A year ago, I was working on the manuscript of my book, Tales of a Displaced Worker. I found articles online that described the feelings I had about the college closing as job-loss grief. They described the pain in a way that helped me understand that the grief I was experiencing was common. It had a process. And ultimately, it had an ending.
I believe that many people are experiencing a collective sense of grief. Below are a few of the quotes from the article by Scott Barinato and David Kessler on how to name these feelings and move forward.
HBR: People are feeling any number of things right now. Is it right to call some of what they’re feeling grief?
Kessler: Yes, and we’re feeling a number of different griefs. We feel the world has changed, and it has. We know this is temporary, but it doesn’t feel that way, and we realize things will be different. The loss of normalcy; the fear of economic toll; the loss of connection. This is hitting us and we’re grieving. Collectively. We are not used to this kind of collective grief in the air.By Scott Barinato, Harvard Business Review, March 23, 2020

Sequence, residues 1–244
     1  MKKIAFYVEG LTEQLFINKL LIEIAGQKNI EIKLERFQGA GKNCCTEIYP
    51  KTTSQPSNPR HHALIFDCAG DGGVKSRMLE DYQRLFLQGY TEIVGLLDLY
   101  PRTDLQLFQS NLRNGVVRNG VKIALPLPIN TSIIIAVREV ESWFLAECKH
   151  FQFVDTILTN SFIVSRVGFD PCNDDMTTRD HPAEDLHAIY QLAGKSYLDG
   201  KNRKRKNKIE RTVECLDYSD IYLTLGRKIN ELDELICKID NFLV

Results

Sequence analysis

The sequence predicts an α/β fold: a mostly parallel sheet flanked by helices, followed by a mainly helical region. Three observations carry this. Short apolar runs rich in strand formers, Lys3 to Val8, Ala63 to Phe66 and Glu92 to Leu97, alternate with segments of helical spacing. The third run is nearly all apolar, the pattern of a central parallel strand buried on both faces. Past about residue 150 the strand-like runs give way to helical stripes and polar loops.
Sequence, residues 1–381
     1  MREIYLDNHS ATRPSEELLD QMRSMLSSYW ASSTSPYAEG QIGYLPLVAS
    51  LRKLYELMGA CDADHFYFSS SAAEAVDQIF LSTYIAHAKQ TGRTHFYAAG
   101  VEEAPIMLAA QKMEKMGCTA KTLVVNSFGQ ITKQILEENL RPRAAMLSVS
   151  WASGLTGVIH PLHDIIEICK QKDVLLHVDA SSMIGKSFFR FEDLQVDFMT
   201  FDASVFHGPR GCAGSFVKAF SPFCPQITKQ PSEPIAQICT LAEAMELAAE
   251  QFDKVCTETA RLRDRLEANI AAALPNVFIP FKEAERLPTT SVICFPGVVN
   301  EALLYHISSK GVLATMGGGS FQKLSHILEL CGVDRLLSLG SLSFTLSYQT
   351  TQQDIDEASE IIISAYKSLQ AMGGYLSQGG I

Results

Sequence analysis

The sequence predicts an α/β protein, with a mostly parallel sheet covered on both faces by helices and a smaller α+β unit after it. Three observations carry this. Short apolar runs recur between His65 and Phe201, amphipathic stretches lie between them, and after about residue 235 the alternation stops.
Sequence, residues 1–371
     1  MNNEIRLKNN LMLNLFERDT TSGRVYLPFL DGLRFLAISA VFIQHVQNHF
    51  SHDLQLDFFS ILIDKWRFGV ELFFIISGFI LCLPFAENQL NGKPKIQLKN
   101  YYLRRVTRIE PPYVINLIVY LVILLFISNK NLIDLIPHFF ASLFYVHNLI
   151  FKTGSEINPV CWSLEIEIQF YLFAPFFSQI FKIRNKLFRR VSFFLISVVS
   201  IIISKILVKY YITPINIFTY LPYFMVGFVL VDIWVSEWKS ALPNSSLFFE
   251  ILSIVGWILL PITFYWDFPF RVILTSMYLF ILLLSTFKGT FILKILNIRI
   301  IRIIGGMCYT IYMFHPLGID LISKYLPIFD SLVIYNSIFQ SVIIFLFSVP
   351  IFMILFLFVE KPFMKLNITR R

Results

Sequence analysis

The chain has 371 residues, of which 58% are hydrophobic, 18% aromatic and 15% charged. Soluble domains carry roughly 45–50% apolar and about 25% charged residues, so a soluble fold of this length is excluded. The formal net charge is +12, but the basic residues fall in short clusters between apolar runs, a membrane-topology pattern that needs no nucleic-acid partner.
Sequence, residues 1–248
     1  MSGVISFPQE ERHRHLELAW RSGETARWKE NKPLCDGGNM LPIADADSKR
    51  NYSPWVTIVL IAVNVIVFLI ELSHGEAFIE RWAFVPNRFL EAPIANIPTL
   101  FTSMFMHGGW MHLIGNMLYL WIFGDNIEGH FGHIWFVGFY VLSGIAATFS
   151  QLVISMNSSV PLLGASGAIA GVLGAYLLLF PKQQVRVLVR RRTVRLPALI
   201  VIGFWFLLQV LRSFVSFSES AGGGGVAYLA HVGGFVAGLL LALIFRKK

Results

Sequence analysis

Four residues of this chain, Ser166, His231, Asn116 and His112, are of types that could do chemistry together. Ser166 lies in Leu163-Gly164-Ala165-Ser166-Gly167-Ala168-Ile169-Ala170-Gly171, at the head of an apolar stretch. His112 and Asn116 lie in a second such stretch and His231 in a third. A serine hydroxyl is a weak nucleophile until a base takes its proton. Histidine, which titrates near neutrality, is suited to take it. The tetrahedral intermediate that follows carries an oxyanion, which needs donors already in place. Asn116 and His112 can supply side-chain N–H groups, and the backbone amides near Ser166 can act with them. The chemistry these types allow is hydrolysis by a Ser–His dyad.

What can individuals do to manage all this grief?
Understanding the stages of grief is a start. But whenever I talk about the stages of grief, I have to remind people that the stages aren’t linear and may not happen in this order.By Scott Barinato, Harvard Business Review, March 23, 2020
What do you say to someone who’s read all this and is still feeling overwhelmed with grief?
Keep trying. There is something powerful about naming this as grief. It helps us feel what’s inside of us. So many have told me in the past week, “I’m telling my coworkers I’m having a hard time,” or “I cried last night.” When you name it, you feel it and it moves through you. Emotions need motion.By Scott Barinato, Harvard Business Review, March 23, 2020